The first show up will be Falcon And The Winter Soldier (autumn 2020), which looks like it will deal head on with the space left by Steve Rogers (oh, the whole world has seen Avengers: Endgame by now, right!?).
WandaVision (following soon after) looks especially bizarre, seemingly taking visual cues from the likes of I Love Lucy and Roseanne. It’s great to see these shows might take some creative risks.
And I feel sure Mr Hiddleston will bring a fan or two into the Disney streaming service with Loki, in 2021. Also expect this show to tie-in heavily with cinema sequel, Doctor Strange and the Multiverse of Madness, sadly without director, Scott Derrickson, who recently departed the production due to those pesky “creative differences.”.
Now, where’s that TV remote? I have some planning to do…
Star Wars: The Rise of Skywalker comes with so much baggage it actually feels difficult to write a full review after my initial viewing.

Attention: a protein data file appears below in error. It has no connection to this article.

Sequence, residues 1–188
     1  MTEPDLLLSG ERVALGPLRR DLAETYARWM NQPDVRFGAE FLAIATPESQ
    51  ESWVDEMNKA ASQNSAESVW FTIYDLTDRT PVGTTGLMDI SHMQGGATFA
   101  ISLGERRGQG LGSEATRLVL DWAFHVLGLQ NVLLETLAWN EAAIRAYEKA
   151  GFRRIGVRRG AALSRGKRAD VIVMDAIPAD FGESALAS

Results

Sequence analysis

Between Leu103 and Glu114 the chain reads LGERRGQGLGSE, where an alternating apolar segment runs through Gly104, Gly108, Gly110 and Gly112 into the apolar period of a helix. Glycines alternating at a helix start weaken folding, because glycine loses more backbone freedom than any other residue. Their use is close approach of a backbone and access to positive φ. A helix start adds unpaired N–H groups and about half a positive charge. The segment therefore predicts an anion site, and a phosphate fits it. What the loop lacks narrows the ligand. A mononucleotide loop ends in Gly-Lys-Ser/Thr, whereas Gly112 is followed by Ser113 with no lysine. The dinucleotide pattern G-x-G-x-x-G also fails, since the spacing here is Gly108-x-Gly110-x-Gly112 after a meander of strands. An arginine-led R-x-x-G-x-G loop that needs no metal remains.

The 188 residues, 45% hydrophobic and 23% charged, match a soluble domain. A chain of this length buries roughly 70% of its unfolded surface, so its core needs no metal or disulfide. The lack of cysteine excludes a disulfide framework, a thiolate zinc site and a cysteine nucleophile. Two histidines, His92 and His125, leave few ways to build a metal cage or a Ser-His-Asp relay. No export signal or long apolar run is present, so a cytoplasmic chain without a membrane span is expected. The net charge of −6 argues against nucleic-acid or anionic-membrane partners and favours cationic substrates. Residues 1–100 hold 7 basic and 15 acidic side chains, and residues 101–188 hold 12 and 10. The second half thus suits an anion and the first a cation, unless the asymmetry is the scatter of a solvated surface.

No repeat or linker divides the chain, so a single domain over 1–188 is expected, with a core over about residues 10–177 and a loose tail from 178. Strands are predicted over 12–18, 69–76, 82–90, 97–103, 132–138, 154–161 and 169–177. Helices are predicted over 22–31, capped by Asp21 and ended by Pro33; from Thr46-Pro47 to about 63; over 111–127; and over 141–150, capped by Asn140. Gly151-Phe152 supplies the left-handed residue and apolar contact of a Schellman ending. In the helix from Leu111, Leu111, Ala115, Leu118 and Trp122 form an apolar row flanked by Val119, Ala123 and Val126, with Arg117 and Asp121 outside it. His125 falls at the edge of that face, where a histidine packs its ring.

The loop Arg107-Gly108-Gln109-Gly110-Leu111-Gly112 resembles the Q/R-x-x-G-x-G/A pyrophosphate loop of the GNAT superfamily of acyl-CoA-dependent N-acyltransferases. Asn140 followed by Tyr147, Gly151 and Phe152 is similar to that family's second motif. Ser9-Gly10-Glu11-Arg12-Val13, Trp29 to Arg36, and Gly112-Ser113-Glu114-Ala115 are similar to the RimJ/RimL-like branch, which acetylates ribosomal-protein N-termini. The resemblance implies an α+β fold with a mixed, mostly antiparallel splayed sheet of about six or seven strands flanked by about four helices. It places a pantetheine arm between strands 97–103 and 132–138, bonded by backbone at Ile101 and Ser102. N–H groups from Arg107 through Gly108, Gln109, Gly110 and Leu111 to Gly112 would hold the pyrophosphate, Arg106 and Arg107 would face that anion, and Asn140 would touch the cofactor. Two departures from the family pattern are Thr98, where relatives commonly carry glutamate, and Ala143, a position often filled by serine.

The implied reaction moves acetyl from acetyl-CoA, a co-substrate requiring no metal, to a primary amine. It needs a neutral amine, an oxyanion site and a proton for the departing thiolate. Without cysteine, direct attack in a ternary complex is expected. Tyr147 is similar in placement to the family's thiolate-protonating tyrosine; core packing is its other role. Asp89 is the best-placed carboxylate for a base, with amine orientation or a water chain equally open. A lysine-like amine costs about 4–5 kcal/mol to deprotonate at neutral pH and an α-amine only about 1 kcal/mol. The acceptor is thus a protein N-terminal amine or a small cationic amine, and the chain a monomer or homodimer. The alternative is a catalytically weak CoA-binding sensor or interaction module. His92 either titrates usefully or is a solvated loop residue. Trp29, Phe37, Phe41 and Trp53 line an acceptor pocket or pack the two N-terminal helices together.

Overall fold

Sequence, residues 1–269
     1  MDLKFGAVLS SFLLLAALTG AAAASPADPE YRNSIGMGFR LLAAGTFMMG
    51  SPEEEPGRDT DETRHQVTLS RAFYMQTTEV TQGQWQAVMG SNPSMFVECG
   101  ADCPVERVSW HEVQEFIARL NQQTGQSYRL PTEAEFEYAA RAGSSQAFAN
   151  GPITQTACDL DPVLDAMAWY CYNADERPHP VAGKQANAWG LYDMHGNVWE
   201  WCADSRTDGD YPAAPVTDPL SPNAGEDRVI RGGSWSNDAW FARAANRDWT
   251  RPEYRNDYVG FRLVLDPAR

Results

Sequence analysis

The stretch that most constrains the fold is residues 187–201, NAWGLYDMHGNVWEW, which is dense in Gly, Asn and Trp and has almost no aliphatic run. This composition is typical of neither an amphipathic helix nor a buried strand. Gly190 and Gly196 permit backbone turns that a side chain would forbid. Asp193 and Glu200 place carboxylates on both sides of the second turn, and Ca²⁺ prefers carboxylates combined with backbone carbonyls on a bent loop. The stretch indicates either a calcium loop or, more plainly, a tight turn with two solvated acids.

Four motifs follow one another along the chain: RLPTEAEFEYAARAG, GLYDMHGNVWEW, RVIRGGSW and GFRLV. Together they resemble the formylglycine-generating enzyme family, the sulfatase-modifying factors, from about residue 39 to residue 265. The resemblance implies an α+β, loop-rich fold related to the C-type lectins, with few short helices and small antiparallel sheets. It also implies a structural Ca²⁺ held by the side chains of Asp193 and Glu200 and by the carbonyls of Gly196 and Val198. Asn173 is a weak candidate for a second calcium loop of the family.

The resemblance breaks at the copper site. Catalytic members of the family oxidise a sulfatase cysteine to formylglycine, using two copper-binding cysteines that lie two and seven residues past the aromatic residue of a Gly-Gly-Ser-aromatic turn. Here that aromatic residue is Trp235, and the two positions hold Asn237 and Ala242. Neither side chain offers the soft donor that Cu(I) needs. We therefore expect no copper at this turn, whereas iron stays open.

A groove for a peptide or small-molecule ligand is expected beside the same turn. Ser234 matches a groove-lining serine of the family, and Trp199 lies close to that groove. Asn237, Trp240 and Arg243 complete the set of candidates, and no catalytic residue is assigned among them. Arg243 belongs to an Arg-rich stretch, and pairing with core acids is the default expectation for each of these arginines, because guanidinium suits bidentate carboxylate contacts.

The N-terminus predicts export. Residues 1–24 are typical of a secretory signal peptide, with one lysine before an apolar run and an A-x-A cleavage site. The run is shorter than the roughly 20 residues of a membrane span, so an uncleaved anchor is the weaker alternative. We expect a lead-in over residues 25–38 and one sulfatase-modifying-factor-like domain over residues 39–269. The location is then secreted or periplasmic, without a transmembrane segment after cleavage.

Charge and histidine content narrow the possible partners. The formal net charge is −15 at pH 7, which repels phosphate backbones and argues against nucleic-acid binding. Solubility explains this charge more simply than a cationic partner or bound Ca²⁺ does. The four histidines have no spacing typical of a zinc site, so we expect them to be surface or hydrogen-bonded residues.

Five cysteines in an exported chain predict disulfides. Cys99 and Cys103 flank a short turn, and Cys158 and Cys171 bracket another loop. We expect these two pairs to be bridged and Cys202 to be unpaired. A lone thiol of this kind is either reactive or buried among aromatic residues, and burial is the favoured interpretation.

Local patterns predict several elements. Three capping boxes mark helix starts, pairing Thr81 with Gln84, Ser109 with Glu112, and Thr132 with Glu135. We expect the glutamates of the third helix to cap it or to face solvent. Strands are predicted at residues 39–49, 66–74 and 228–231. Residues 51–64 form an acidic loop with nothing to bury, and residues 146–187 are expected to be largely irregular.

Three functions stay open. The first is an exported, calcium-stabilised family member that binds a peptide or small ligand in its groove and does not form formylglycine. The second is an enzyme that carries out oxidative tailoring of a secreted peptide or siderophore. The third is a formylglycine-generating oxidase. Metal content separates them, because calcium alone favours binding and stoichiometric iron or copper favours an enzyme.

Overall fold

I came out with some hugely conflicting feelings, so rather than a fully considered review, this might best be considered a collection of immediate, post-screening thoughts.
The film, of course, is the conclusion not only to this most-recent Disney backed trilogy (comprising The Force Awakens and The Last Jedi), but it also concludes the entire Skywalker saga (preceded by the films in the Prequel and Original trilogies).
Many fans will, I suspect, find The Rise of Skywalker to be a hugely satisfying ending to the nine film cycle, as returning director J.J. Abrams and his team play far safer than The Last Jedi’s controversial Rian Johnson and pack the film to the rafters with many fan-pleasing elements. Perhaps too many.